Did you come to remind me of my sin? 1Kings 17:18b (NIV). The widow from Zarephath was a cynic, a woman full of doubt and self-pity. One, above all, who did not understand the God she served (1 Kings 17: 9-24).
When the water dried up from the brook Cherith, God told Elijah that he had chosen a widow from Zarephath to provide for him. God could have selected any number of persons or ways to feed Elijah but for reasons he knew, God chose to bless this woman. He wanted her to know that he had forgiven her and was still with her.
When Elijah first meets the widow, she is gathering sticks to make a fire on which to cook her last meal using her last portions of flour and oil, for her last day on earth, according to her. She told Elijah that after the meal she and her son would lie down and die.
This woman is unlike most women I know. The average woman might get fed up with life for herself but she is not going to see her child die of hunger. Most women would rather starve themselves, beg or even give away their child to someone able and willing to care for the child. They would miss their meal that day and rather save it two days for the child. This woman was different; she had given up on herself and on life and didn't even seem able to think clearly.
Even after God sent Elijah and saved her and her child from death, she did not believe Elijah or trust God. She is still focusing on the past. Only in verse 24 does she trust, when she makes her final comment to Elijah 'Now I know that you are a man of God and that the word of the Lord from your mouth is the truth.'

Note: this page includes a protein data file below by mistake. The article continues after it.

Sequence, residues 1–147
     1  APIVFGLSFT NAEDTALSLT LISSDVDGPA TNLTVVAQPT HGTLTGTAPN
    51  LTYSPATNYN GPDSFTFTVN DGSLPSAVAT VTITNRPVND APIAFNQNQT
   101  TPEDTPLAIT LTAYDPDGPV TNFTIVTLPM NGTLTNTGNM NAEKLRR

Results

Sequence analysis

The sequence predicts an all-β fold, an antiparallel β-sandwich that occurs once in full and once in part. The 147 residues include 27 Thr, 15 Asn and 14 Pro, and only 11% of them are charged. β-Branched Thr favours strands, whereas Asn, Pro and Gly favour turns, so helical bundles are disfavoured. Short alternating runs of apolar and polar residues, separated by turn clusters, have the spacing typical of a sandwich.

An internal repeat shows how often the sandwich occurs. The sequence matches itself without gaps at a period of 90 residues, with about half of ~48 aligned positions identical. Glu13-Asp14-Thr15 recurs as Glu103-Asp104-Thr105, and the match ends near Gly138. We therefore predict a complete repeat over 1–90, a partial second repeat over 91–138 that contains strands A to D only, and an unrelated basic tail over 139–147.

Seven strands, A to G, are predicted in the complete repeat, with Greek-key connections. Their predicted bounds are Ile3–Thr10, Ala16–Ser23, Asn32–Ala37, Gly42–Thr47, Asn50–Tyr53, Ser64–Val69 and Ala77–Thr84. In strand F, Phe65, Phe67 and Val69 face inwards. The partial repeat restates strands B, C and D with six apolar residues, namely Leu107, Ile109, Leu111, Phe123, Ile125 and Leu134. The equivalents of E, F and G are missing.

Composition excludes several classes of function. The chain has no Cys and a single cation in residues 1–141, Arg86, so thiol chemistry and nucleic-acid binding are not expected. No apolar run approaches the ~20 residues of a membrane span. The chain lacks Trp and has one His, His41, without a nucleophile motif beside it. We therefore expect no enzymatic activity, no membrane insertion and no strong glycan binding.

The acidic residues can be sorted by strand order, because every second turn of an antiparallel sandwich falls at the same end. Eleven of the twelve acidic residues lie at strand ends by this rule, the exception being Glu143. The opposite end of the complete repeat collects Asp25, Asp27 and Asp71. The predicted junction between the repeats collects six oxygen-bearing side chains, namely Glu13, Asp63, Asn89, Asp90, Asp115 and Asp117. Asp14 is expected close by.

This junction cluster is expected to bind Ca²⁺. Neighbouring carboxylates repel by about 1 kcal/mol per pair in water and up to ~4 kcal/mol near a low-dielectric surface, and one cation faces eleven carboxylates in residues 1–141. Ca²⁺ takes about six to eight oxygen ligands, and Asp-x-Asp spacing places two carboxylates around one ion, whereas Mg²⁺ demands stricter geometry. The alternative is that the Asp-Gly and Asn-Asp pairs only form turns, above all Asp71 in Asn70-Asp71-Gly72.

This woman had obviously committed some sin in her early years for which she had not forgiven herself. She seemed to have been thinking that she deserved all the evil that had come upon her - maybe her husband's death and her poverty and imminent starvation. She felt that God had something against her and even though God in his love had given her hope and a brand new opportunity to be blessed, the doubts remained in her heart.
But no one knew what was in her heart until her son died. Then she accused Elijah: 'What do you have against me, man of God? Did you come to remind me of my sin and kill my son?' It was out finally. God had taken a long route to let her get to the hurt and bitterness inside of her and heal her. God had forgiven her of that sin, whatever it was, but she could neither forgive herself nor forget it. God knew that all along, yet, he did not condemn her, nor leave her alone. Instead, he sent his prophet to minister to her and heal her.
Remember, God does not hold grudges. 'As far as the east is from the west, so far has he removed our transgressions from us' (Psalms 103:12 NIV).
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